The Mexican Peso edged 0.56% lower against the dollar as the recent delta variant continues to deteriorate the consumer and investor sentiment forcing investors to look for refuge in the greenback. Mexican authorities reported the country's agri-food trade balance posted a surplus of USD 4.86 billion in the first six months of the year, the largest surplus in 27 years. According to the government, the agricultural products which saw the highest surge in demand were natural honey, which grew by almost 93% followed by flowers, citrus, fruit, and tobacco. However, the most significant agri-food exports remain beer, avocados, tequila & mezcal, and tomatoes.
The onshore yuan depreciated 0.12% against the dollar during yesterday's session amid Covid jitters and a regulatory crackdown from Chinese authorities over technology giants. However, there is a cautious mood as investors await policy signals from central banks before placing any significant bets. Market participants now focus on the upcoming Fed minutes that are being released today, looking for any hints of tapering in September, while the People's Bank of China's upcoming interest rate decision on Friday and monetary policy statement is the market participants' main focus.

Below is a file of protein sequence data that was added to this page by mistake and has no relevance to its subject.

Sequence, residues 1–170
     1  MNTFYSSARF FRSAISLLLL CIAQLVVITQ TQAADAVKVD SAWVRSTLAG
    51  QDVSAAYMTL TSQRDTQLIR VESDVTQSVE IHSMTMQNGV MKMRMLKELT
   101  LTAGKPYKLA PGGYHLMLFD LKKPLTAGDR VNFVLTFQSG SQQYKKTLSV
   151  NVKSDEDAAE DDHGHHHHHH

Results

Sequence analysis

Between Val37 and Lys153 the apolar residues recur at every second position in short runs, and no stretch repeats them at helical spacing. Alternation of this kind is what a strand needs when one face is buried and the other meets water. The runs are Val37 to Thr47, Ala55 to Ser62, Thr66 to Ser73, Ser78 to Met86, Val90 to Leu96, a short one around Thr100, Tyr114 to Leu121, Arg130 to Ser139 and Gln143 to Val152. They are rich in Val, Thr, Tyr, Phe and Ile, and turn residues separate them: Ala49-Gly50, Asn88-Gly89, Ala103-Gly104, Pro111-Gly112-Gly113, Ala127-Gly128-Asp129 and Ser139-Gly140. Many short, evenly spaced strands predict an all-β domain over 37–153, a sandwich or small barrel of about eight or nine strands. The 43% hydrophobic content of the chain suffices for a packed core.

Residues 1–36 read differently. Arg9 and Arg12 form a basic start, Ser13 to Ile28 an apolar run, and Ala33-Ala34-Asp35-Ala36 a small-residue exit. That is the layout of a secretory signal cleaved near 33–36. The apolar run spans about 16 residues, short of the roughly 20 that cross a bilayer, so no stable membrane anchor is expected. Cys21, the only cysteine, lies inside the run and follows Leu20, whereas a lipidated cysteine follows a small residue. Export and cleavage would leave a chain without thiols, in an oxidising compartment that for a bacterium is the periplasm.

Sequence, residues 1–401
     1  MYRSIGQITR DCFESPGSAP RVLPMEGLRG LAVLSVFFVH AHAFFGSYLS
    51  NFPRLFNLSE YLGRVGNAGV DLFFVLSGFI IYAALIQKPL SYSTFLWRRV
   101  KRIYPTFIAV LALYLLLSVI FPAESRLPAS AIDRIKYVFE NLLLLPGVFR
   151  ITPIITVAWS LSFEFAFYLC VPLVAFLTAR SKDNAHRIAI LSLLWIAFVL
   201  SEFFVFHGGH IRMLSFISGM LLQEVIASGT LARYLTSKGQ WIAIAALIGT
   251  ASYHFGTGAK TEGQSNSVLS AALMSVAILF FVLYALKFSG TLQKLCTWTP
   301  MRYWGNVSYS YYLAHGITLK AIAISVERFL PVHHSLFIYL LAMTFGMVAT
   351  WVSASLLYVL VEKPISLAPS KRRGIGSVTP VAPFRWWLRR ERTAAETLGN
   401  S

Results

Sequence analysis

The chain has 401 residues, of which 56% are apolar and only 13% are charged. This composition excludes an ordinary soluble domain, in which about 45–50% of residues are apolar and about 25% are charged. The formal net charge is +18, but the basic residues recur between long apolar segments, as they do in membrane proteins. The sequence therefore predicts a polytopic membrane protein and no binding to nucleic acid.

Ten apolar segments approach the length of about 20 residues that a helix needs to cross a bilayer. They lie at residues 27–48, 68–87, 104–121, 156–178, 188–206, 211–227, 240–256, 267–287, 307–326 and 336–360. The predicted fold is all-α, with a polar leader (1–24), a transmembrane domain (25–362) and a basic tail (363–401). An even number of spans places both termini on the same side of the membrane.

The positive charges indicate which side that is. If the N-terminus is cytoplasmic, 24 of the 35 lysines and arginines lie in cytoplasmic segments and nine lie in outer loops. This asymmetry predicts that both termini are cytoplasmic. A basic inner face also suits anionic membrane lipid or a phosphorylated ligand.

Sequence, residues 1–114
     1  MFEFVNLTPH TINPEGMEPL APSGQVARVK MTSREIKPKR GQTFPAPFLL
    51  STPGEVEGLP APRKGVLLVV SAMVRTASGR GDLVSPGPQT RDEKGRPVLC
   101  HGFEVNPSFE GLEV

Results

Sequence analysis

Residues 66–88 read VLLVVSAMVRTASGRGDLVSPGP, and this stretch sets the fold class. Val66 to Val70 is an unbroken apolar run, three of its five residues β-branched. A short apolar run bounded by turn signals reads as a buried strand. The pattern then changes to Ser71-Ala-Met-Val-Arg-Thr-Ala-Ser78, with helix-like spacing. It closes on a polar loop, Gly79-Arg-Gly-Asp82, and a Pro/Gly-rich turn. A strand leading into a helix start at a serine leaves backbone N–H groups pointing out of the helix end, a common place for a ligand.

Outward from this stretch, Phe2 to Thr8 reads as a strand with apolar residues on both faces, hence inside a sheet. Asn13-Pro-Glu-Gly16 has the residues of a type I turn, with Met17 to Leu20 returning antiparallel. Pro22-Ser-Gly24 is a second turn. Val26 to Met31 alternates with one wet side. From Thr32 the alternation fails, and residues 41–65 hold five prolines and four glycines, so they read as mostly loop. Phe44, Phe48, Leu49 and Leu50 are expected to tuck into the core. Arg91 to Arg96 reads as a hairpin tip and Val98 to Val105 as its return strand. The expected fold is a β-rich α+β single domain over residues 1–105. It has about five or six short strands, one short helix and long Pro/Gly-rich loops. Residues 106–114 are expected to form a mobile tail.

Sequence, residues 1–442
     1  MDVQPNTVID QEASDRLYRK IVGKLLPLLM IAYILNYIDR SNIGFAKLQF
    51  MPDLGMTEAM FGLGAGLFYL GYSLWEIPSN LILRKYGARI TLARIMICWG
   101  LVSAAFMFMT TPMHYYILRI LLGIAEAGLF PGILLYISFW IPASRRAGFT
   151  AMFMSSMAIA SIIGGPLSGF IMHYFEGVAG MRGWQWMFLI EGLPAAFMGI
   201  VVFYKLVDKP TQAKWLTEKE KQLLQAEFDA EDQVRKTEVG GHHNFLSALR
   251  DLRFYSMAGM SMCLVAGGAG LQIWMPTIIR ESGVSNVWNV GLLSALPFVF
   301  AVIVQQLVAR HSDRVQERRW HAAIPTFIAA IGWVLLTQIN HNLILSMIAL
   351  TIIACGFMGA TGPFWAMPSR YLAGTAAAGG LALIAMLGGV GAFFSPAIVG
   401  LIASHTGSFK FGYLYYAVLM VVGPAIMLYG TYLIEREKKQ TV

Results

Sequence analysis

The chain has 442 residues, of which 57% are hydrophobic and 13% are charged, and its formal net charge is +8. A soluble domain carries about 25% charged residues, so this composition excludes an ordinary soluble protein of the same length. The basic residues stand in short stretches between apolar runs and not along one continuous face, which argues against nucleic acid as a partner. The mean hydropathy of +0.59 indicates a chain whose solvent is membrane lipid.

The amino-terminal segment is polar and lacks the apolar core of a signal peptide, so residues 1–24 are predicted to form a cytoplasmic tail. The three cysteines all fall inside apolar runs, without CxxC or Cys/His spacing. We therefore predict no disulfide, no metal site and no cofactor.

The Brazilian Real continues to edge lower, recording 0.21% losses against the greenback amid a broader risk-off sentiment weighing on riskier assets. However, the Brazilian airline association reported that August was the fourth consecutive month of increased domestic air travel. The August figures are the second-best since the start of the pandemic, behind January 2021. Eduardo Sanovicz, Spokesman of the association, said that vaccine rollout is essential for the recovery of domestic air travel. Brazil has around 55% of Brazilians with at least one jab and 24% are fully vaccinated.